SAP Beginners – Basis Prerequisites

Starting a career in SAP is an exciting on. Like any technology or new career, there is a steep learning curve that can feel insurmountable. 

As a SAP beginner, one should understand 3 things – business processes, SAP acronyms and project concepts.

  1. Business Processes: Having an exposure to a functional area is required; else, one should start understanding the business processes that flow through SAP, keeping in mind that most processes are cross-functional and go end-to-end, meaning they pass through many departments in an organization. Even a technical person needs to have a general understanding of the business drivers.

    It is always valuable to invest in business/or SAP textbooks to understand the specific processes of the ones functional area. As you dive into SAP, remember to always focus on how technology drives the business. Focusing on streamlining business processes can avoid creating unnecessarily complex technical design and avoid creating waste in the system.
  2. SAP Acronyms: Secondly, understanding SAP acronyms and how ones role in the overall SAP project is important in quickly providing value. As a beginner, you’re probably finding the world of SAP to be filled with intimidating acronyms. Before you get too overwhelmed, realize that there is probably only a subset of acronyms and terms that will actually be relevant to your role in SAP.

    SAP’s community network is an active community of SAP customers and partners and its one of the best resources to learn about functional modules, SAP trends, and news.  Keep in mind that it takes experience and your own research to feel comfortable with SAP acronyms.
    Here are some common acronyms that every beginner will hear:

    Functional & Technical Modules: FI (Finance), CO (Controlling), SD (Sales & Distribution), MM (Materials Management), HR (Human Resources), BI (Business Intelligence), BW (Business Warehousing), PM (Plant Maintenance), QM (Quality Management), LE (Logistics Execution), FSCM (Financial Supply Chain Management), PP (Production Planning), CRM (Customer Relationship Management), SEC (Security), Basis (Business Application Software Integration System)

    SAP Technical Acronyms: ABAP (Advances Business Application Programming), ALE (Application Link Enabling), ALV (SAP List Viewer), BAPI (Business Application Programming Interface), BEx (Business Explorer), BAdI (Business Add In), CATT (Computer Aided Test Tool), GUI (Graphical User Interface), HTML (Hyper Text Markup Language), IMG (Implementation Guide), EDI (Electronic Data Interchange) LSMW (Legacy System Migration Workbench), OLE (Object Linking and Embedding), OSS (Online Support System), R/3 (Real Time 3 Tier), RFC (Remote Function Call), SOLMAN (Solution Manager), WD (Web Dynpro), SPRO (SAP Project Reference Object).
  3. SAP Project Concepts: Finally, every beginner should understand basic SAP project concepts like the phases and roles people involved in a SAP implementation.

    Let’s begin with SAP deployment phases. ASAP, Accelerated SAP, is the standard implementation approach that is used on every SAP implementation. The approach consists of 5 phases: Project Prep, Business Blueprint, Realization, Final Prep, and Go Live & Support. Each phase includes important milestones that allow the project to continue to the next phase. A successful project has clear ‘exit’ and ‘entrance’ criteria that must be fulfilled for the project to move to the next phase. These criteria are reviewed by project management and key stakeholders to assess the projects performance.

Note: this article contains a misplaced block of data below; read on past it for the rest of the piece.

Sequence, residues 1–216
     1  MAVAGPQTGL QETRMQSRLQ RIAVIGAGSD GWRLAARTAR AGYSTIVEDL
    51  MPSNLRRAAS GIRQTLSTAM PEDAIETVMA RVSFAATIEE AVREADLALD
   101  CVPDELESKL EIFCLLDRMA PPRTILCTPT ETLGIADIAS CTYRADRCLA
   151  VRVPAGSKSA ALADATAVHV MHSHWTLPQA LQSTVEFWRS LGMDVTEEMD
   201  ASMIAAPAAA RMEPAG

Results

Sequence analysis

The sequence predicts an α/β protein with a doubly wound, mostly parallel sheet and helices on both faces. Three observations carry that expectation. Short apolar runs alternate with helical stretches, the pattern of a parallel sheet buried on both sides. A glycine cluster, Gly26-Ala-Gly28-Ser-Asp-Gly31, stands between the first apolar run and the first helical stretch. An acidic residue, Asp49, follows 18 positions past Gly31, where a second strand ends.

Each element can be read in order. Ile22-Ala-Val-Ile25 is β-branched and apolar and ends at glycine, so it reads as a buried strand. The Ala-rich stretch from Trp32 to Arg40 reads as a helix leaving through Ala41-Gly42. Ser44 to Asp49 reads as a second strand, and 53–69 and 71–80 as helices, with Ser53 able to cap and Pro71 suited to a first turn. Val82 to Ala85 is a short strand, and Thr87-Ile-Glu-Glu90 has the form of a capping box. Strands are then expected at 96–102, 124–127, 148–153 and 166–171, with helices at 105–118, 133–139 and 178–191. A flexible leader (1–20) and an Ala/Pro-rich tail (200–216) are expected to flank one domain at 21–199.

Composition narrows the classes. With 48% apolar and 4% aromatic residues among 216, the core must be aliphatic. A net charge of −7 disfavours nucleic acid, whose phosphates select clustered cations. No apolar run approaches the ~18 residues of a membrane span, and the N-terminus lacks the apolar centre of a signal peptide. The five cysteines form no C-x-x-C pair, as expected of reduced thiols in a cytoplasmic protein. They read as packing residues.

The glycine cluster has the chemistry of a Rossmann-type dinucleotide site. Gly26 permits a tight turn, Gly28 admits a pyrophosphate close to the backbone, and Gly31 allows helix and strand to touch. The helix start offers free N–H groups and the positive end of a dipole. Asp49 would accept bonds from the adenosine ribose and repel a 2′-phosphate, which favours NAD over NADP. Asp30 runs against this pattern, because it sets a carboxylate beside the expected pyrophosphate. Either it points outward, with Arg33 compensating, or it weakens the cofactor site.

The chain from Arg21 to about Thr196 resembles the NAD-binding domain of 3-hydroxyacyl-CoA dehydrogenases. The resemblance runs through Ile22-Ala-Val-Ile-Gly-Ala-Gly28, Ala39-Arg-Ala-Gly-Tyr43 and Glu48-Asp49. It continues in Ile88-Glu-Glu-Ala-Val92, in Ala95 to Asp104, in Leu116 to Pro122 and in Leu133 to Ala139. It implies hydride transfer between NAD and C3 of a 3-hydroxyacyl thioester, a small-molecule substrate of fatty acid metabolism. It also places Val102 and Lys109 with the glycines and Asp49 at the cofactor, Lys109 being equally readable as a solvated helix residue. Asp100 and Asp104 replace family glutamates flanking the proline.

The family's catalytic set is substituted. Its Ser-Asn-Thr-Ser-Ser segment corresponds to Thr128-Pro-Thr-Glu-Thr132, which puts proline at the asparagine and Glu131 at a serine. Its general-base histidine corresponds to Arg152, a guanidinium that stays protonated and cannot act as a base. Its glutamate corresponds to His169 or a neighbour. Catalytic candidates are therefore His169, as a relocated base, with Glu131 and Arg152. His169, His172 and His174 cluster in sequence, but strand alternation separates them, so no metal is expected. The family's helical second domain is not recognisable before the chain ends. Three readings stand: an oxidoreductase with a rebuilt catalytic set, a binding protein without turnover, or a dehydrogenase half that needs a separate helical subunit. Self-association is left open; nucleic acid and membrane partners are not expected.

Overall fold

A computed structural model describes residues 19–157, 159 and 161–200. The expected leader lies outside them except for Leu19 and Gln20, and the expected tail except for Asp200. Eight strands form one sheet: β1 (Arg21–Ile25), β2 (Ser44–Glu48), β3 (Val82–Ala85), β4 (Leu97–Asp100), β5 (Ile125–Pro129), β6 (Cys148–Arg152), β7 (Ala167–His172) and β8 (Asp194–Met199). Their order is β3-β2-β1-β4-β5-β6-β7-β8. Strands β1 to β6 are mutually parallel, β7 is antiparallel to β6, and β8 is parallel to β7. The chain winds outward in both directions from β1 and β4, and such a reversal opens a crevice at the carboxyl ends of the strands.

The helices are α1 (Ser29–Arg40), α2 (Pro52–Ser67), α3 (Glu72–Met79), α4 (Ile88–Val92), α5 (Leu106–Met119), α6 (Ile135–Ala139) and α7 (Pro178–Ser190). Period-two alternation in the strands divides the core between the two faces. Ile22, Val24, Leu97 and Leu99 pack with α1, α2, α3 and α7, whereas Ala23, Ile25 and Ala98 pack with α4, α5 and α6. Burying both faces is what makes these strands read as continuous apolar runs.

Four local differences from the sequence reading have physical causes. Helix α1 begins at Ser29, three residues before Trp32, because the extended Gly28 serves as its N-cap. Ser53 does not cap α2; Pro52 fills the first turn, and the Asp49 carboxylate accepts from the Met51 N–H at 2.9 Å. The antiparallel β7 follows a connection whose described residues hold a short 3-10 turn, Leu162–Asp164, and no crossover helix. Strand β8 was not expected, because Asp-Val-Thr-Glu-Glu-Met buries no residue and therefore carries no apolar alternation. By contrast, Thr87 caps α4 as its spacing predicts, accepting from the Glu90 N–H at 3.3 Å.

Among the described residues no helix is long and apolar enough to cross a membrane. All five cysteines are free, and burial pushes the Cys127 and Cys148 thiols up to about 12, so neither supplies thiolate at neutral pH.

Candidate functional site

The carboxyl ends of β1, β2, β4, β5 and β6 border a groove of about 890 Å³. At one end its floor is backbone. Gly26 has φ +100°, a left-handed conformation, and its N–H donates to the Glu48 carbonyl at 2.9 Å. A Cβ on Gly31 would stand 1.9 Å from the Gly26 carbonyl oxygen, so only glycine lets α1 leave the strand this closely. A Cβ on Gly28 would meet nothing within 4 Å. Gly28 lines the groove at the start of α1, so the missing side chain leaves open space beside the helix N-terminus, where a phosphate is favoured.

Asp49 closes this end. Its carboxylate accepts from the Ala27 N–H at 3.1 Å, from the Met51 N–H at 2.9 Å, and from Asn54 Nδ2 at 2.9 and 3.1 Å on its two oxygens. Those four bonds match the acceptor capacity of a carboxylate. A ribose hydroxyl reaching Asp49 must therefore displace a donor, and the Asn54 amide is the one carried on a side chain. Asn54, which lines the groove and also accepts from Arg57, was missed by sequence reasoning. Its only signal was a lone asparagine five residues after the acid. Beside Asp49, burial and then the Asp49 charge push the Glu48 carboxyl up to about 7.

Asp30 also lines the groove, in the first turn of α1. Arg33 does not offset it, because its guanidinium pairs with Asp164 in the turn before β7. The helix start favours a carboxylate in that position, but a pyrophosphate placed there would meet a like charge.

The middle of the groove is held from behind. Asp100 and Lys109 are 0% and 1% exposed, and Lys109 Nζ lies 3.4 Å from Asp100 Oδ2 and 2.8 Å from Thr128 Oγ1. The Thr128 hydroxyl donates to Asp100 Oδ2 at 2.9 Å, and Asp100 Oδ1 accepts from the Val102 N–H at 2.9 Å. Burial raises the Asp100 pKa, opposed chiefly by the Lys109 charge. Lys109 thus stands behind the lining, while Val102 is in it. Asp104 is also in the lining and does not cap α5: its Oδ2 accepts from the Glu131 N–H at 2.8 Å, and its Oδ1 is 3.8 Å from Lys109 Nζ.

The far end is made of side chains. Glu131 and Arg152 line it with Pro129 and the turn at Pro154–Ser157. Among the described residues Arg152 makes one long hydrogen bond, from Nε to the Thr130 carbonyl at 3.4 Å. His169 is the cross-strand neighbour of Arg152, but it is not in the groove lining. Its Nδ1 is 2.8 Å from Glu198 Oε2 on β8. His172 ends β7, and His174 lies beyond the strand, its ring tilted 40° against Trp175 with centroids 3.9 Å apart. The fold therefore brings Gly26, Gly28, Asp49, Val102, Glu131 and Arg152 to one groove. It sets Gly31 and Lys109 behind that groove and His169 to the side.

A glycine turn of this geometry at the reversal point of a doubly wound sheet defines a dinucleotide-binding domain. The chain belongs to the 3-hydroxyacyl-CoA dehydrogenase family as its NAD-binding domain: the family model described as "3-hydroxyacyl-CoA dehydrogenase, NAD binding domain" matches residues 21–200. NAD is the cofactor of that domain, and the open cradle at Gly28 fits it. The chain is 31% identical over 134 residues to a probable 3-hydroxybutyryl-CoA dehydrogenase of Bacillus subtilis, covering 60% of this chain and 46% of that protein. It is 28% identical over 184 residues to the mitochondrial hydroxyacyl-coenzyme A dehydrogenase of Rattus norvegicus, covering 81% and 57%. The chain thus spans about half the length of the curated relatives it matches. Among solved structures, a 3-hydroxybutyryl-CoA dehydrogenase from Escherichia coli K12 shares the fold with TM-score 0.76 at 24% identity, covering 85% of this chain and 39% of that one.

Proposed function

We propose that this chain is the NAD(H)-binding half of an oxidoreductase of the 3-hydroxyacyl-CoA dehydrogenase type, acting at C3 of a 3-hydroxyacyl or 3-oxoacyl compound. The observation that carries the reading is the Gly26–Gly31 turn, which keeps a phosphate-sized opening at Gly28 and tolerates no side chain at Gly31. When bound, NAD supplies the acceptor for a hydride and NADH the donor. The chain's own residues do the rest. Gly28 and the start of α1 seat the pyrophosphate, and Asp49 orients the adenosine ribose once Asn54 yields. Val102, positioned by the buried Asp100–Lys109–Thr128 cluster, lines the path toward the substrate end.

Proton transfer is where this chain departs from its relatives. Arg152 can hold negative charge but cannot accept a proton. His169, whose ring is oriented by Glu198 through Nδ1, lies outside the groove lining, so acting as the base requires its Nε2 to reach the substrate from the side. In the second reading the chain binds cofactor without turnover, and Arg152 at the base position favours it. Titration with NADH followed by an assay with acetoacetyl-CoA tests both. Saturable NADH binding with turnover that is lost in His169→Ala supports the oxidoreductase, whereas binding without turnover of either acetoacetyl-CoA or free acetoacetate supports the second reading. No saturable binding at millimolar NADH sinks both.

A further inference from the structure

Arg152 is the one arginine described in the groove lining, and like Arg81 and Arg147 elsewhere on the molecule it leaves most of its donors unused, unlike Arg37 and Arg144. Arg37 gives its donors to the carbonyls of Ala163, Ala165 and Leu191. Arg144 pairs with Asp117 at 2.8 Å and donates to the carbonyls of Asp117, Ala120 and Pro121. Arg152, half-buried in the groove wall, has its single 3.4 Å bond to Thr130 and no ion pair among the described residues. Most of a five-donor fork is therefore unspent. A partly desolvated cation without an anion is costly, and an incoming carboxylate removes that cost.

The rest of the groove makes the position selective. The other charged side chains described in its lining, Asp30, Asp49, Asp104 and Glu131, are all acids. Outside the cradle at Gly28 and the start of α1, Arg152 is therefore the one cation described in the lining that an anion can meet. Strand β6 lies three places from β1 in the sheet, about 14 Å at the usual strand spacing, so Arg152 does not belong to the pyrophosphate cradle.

In the project preparation phase, project goals, scope and timeline are defined by project stakeholders and project management. In the blueprint phase, current business processes are documented and then redesigned to fit in SAP.

    Any requirement or process that does not fit using standard SAP functionality is documented as ‘gap’. This is a key part of the blueprint phase called ‘Fit/Gap Analysis’. In the realization phase, all requirements are configured in the system and the system is testing using integrated scenarios. Integration testing is cross-functional testing used to identify ‘defects’ or issues in the system that need to be resolved. In final preparation, testing is completed, training is delivered, and cutover steps are performed. Cutover involves all the steps necessary to go from the old, legacy system to SAP. Finally, Go Live and support occurs when users begin to perform their job in SAP and the project team monitors and supports users.

    Next, it’s key to understand who is involved in a SAP implementation to understand where you fit in. At the top level, you have corporate executives that are deemed project stakeholders. It is their job to oversee the project from a high level and ensure it fulfills the defined goals and objectives. Below stakeholders is the project management which is more hands on in overseeing the project and closely monitors each functional and technical area of the project. Project management helps mitigate risks and issues, delivers project messaging, and keeps the project within the timeline and budget. Heading up each functional and technical team is a team lead. Team leads oversee team members and communicate status, risks, and issues to project management. Functional team members configure the system to meet business requirements and write functional specifications for customized needs. Technical team members work in a variety of roles: security, ABAP development, data conversion, Basis, etc.

    By focusing in on these 3 concepts, one can quickly come up on the SAP learning curve.

    Note: Every project will give a new type of experience and challenges.  Documentation is important for every SAP consultant and an underlying factor for success.

Author: SAP Consultant

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